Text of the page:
Here’s another key: The Magic Document is the single sheet everyone will refer to over and over again, but it’s not the only documentation for the program. You probably have internal notes, industry insights, brand guidelines and other information that will be very useful later on. And you can package that all up and share it as the agency dives in. But first, we need to get everyone on the same page.
Now, for the magic part. That happens when you get all key stakeholders in your company to agree to a simple set of guidelines around the program. At first, that may not seem easy, but it’s much simpler than reworking the agency’s creative five times because no one could agree on the main points or objectives.
In this way, the Magic Document is a lot like the best creative briefs, but it’s much more important. A brief merely guides the agency; the Magic Document gets your company in consensus before it ever starts the agency running in the right direction.
Here are some essential topics that will help you shape a truly effective Magic Document. (Bonus: We have a downloadable Magic Document Template at the end of this blog).
Program: Your working title for the program and the type of work it is.
This sounds ever so obvious until you attempt to do it. It’s the first checkpoint that everyone in the company needs to agree on before the program can move ahead.
Primary Objective: The main goal of the program.
There may be multiple things you want to accomplish, but what is the biggie you want the agency to nail first? It may be lead generation, brand awareness, or a stronger social presence. Make sure you all agree on what priority one is.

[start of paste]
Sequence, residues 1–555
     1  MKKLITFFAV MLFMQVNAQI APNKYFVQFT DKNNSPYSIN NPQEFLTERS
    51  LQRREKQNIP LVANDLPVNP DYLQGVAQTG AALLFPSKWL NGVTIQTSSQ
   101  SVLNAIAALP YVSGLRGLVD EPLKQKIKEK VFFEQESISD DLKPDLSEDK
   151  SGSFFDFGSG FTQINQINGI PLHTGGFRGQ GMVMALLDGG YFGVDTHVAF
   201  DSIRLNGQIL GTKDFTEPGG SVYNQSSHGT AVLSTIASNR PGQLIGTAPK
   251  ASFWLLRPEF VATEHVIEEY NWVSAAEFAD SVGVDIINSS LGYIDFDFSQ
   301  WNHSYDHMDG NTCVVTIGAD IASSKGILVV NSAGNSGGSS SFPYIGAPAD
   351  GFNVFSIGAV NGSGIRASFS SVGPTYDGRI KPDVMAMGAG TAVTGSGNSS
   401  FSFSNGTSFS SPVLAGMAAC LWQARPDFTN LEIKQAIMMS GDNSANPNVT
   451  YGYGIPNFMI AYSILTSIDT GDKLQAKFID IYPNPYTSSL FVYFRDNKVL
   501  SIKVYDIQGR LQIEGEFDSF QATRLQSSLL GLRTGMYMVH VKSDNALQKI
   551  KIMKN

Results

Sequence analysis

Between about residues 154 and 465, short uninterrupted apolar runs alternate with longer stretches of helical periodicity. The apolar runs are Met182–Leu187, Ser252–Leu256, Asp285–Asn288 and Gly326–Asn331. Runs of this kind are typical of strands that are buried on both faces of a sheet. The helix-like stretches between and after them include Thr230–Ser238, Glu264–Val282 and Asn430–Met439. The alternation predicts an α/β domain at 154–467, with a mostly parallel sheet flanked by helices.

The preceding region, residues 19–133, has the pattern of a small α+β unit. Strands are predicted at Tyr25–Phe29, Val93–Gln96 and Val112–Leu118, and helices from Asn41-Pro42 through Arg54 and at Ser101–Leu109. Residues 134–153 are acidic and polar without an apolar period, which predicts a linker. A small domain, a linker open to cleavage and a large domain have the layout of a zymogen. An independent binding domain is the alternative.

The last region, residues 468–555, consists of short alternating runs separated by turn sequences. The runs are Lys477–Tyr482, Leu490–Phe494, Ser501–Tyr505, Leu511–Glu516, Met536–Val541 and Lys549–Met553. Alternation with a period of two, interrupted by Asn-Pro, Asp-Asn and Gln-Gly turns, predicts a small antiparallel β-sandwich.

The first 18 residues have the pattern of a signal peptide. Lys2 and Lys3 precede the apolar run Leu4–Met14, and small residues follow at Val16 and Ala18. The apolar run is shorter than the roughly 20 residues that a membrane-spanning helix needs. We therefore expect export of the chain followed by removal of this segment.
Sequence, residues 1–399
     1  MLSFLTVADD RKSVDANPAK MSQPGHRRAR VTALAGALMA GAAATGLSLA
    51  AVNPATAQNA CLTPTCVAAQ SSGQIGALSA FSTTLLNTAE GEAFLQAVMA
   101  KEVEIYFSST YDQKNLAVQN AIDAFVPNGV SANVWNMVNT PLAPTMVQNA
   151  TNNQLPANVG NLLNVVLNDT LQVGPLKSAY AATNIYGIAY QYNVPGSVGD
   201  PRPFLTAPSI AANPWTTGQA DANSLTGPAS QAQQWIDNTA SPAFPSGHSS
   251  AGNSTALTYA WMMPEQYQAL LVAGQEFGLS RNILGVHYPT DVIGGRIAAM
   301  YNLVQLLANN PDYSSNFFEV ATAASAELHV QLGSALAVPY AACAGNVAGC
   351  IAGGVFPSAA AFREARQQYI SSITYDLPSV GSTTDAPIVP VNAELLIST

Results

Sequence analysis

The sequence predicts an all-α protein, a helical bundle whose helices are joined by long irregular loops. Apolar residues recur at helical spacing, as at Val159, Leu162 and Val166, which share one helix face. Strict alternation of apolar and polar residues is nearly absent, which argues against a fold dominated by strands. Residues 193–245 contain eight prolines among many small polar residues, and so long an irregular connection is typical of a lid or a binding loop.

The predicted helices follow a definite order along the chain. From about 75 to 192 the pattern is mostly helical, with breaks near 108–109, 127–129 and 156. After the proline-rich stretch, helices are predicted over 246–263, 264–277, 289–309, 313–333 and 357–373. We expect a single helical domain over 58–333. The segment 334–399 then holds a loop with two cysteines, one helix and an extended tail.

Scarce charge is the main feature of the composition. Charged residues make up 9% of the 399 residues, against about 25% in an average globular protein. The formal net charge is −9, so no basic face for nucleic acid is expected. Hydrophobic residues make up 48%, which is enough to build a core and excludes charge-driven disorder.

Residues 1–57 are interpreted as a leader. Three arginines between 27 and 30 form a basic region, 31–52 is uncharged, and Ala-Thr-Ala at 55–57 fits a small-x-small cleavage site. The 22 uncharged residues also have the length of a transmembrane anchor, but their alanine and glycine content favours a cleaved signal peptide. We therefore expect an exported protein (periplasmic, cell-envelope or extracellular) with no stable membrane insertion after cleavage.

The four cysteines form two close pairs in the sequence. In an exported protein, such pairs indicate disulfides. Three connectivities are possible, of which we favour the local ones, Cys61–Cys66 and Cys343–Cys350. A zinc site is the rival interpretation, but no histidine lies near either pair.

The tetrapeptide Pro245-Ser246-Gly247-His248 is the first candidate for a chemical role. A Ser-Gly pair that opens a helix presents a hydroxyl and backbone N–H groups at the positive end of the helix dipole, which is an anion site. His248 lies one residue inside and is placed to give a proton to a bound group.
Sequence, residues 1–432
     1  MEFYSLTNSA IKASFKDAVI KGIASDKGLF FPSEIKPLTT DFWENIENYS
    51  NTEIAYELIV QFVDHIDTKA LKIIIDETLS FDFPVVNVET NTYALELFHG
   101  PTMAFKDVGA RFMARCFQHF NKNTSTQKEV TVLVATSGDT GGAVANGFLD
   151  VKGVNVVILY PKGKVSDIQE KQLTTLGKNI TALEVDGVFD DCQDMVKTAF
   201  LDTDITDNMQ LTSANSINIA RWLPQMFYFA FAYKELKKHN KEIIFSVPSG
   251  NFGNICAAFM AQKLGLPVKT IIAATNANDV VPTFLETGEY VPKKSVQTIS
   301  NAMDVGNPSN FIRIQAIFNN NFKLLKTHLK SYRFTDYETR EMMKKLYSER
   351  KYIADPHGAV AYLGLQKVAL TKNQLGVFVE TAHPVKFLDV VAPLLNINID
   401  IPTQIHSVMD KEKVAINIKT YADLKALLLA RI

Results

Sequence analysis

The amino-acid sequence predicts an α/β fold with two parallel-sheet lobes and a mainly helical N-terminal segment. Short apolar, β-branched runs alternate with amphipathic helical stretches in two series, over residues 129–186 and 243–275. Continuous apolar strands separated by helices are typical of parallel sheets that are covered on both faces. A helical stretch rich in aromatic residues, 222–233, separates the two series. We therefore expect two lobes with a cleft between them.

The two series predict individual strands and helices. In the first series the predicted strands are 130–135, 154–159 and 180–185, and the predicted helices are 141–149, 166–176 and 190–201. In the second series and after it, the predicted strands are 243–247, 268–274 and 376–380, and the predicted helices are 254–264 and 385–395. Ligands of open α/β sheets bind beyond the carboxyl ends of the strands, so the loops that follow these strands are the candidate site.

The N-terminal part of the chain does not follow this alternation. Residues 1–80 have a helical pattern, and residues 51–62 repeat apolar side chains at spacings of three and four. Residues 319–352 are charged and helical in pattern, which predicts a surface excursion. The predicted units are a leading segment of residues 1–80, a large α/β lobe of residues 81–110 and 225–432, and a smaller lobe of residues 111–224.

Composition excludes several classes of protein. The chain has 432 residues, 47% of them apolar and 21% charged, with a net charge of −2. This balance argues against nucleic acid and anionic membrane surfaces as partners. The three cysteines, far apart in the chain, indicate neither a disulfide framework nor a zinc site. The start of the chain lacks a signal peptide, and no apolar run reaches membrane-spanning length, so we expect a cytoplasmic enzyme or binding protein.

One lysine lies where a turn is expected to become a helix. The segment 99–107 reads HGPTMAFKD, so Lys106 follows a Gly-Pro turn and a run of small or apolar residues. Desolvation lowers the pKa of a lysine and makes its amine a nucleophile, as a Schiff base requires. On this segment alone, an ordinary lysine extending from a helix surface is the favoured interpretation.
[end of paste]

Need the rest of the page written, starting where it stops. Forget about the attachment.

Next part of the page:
Target Audience: Who you want to reach.
You can probably create a 20-page PowerPoint on your segments alone. That’s wonderful. Save it. Right now, the agency needs to visualize the big picture audience job titles and industries. They need to think big before they can version small.
Marketplace Challenge: What the program must solve.
This should be all about the prospect’s pain points and the competition. What obstacles are you facing and what opportunities are emerging? But please, keep it brief and pointed. You’ll have plenty of time to fill in the gaps later.
Value Proposition: Why your offering is better.
In all fairness, developing a value proposition may be one of the reasons you are hiring an agency. That’s fine. But your initial thinking still matters. Don’t make the agency guess why your offering is special. Tell them what you think and see if they can strengthen it or offer alternatives.
Timing: The program launch date.
Creatives may moan and groan, but deep down we like deadlines. They give us our marching orders and the structure we need. Establish your timing from the start and let your agency tell you how they can get there.
One final thought: The Magic Document will make you a hero at your company and with the agency. Some people may grouse initially at the thought of creating it, but that single page will be referenced more than you can imagine by your agency. The account team will memorize it, the creatives will pin it up, and the spot-on work you receive will reflect every word you shared on that single page.
Even the toughest CEO would call that outcome magic.